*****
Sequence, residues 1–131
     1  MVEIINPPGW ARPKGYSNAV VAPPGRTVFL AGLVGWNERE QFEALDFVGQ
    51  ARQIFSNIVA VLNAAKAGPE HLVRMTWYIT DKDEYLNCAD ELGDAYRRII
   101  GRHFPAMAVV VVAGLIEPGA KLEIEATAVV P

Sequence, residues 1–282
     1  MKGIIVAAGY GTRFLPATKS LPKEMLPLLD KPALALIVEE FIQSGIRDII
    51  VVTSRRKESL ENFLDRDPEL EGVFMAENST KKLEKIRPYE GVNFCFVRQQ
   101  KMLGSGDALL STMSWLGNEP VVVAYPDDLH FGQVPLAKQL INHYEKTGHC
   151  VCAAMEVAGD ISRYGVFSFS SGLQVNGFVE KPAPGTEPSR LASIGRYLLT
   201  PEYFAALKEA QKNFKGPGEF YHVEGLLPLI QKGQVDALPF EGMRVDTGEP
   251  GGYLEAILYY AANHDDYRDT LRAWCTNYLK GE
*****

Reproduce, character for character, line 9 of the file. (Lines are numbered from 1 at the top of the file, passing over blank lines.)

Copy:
   151  VCAAMEVAGD ISRYGVFSFS SGLQVNGFVE KPAPGTEPSR LASIGRYLLT